Promoting Movement as Medicine for the Mind


Author: Lauren Bechard

Health benefits related to physical activity participation have been suggested since 65 BCE, with Marcus Tullius Cicero (1) attributed as stating “It is exercise alone that supports the spirits, and keeps the mind in vigor”. A more modern concept however is “movement as medicine.” The field of physical therapy, which is built upon this concept, was only fully realized as a discipline in North America in the early twentieth century as the polio epidemic began to strike North America (2) and soldiers returned from World War I with chronic injuries (3). Later still, a mere 63 years ago, was the first publication of a research study proposing a link between physical activity and health (4). Following these initial events in practice and research, the therapeutic and health benefits of movement as medicine are now backed by a strong body of research (5). From heart disease (6-8), to diabetes mellitus (9,10), to stroke (11), and certain types of cancer (12,13), exercise is considered a key component of chronic disease prevention. Recent research also supports physical activity as a method to maintain cognitive health and reduce risk of dementia. For example, a meta-synthesis of published research to date outlines seven risk factors for dementia. This study suggests a 25% decrease in physical inactivity could reduce the prevalence of dementia by 1,000,000 cases globally (14).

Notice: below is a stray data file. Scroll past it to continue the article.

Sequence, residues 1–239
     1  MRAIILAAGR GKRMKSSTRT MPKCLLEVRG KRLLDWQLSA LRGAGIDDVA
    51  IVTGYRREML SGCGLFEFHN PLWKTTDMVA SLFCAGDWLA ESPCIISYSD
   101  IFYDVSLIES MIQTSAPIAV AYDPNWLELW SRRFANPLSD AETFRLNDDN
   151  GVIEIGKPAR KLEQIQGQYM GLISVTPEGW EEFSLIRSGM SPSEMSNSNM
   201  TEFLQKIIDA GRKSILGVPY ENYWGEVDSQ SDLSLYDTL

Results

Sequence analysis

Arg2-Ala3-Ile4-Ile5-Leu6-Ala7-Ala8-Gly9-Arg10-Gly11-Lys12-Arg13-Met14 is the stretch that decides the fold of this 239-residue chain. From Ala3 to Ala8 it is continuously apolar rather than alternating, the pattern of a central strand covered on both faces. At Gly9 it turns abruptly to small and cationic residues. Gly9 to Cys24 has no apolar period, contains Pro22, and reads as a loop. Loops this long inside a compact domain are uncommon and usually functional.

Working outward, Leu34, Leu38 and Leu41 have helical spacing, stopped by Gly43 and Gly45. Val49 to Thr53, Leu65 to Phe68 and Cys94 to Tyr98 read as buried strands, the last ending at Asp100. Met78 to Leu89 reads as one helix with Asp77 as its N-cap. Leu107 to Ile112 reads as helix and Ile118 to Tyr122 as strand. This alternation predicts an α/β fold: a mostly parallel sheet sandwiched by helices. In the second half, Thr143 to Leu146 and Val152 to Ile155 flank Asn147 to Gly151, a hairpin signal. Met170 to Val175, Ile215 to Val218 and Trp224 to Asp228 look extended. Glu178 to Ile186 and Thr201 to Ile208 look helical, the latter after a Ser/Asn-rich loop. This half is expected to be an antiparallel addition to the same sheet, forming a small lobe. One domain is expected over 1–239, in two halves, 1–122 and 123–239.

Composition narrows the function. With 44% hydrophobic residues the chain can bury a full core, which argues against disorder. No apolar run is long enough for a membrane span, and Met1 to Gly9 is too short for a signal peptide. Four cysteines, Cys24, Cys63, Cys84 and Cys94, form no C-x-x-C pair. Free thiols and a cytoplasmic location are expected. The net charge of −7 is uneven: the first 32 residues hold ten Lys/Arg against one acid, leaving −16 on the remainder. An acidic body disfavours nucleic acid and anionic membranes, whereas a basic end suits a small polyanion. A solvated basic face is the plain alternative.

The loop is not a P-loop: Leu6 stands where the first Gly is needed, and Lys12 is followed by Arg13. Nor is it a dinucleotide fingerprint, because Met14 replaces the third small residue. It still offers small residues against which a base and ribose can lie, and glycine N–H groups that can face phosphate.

Participating in physical activity from a young age into older adulthood yields the most preventive benefits for brain health. In one study, 9344 older women were asked about their physical activity levels during their teenage years, age 30, age 50, and at their present age. Researchers then analyzed their lifetime physical activity patterns in relation to each individual’s current level of cognitive function (15). Older women who were more physically active at earlier ages were less likely to be cognitively impaired at their present age compared to women rated as “inactive”. Greater levels of self-reported physical activity during the teenage years were most strongly associated with cognitive performance in later life. Hope is not lost for late-starters however, as even women who only became active in later life were less likely to be cognitively impaired compared to those who remained “inactive” throughout the life span (15). In another study, it was found that moderate-intensity physical activity levels at both midlife and in old age were associated with a reduced likelihood of developing Mild Cognitive Impairment (16), a stage of cognitive decline beyond normal age-related changes that may progress to dementia. In a different longitudinal study, investigators found that middle-aged adults who reported being active at least twice per week were 52% less likely to have developed dementia at a 20-year follow-up (17). According to this evidence, it’s never too late to start reaping the benefits of exercise for brain health. It’s best to start early, but if you didn’t, start now.